(01-05-2014 07:31 PM)Michael de Estrada Wrote:  Actually, your code would not be useful for the program I'm using, since the variables are dummies used in calls to the CAS solver, where trig and hyperbolic functions are used that require radians mode. I know that I can use a complicated workaround, but why should I have to do this ?

You don't have to. It's just my own person preference not to ever touch a user's settings. I have had to many students complain to me that they aren't getting the right results because they ran some program that changed their angle settings. The most egregious cases were games (on the HP48) that took over interrupts and left the user's clock and date completely time-shifted!

Anyway, you can always just force the angle mode to whatever you want -- just please make your program also re-instate the user's settings. Does the following work in your case?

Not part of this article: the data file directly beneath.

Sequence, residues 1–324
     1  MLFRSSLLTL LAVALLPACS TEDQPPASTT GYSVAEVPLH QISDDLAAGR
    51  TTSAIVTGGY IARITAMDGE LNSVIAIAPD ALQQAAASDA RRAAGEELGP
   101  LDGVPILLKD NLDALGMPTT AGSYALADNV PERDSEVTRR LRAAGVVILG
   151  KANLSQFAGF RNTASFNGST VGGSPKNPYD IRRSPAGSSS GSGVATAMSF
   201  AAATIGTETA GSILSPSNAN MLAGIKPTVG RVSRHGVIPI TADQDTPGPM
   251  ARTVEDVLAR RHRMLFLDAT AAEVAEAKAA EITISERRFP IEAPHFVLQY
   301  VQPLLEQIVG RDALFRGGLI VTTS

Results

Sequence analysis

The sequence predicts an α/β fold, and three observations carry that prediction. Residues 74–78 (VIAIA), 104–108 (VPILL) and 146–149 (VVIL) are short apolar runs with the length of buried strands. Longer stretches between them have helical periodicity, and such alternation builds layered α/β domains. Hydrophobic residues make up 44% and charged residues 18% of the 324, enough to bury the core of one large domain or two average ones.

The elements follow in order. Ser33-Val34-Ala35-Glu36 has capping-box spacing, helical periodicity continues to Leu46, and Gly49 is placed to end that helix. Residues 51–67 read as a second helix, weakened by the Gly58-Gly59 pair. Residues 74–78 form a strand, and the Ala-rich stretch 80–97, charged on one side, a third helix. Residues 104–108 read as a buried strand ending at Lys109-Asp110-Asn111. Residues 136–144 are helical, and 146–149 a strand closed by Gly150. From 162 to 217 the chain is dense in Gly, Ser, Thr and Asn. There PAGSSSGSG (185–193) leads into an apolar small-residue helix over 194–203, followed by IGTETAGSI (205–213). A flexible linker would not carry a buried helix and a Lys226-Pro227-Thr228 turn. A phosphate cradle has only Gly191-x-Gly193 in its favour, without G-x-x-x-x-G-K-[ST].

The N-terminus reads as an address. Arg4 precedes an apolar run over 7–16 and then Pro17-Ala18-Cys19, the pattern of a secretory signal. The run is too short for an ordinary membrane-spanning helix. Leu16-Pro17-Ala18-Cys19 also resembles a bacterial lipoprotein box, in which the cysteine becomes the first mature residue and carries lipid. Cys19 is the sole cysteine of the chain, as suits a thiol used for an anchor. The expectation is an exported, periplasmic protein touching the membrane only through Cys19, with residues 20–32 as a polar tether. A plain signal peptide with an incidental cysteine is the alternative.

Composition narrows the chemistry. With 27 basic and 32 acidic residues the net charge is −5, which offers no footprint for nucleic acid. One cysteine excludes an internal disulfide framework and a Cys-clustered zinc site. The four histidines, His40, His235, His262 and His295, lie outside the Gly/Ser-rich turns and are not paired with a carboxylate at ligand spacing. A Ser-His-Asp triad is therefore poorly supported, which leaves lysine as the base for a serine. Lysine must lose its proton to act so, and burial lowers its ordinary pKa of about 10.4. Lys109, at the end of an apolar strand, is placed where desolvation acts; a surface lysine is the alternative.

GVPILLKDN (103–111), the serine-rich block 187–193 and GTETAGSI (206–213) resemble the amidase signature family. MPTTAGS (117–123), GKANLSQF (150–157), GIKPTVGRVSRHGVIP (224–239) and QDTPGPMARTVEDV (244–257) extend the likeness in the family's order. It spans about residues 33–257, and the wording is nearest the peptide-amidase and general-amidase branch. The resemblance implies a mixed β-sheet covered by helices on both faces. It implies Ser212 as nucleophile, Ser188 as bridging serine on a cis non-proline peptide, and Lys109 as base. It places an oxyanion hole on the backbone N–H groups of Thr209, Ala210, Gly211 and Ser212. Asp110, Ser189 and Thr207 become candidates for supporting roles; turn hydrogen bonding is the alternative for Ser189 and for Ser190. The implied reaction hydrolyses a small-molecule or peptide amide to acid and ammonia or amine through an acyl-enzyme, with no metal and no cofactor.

Code:

LOCAL usrang=AAngle; // back up user settings
AAngle:=1; // set radian mode; non-zero value also overrides HAngle

// do your stuff here

AAngle:=usrang; // restore user angle mode

You can even encapsulate this into a "wrapper":

Code:

// usage: RUNRAD("Program(arg1, arg2)")
EXPORT RUNRAD( prg );
  LOCAL usrang=AAngle;
  AAngle:=1;
  EXPR(prg);
  AAngle:=usrang;
END;

The only issue here is if the user presses the [On] key to interrupt the program, then AAngle may not be restored properly.

Quote:Personally, I think the way the Prime operates creates unnecessary confusion and complexity.

While I do think the Prime does have a bit of complexity to it, I think this particular issue is fairly easy to understand once you get accustomed to the fact that an app is always in view, and the hierarchy of AAngle and HAngle.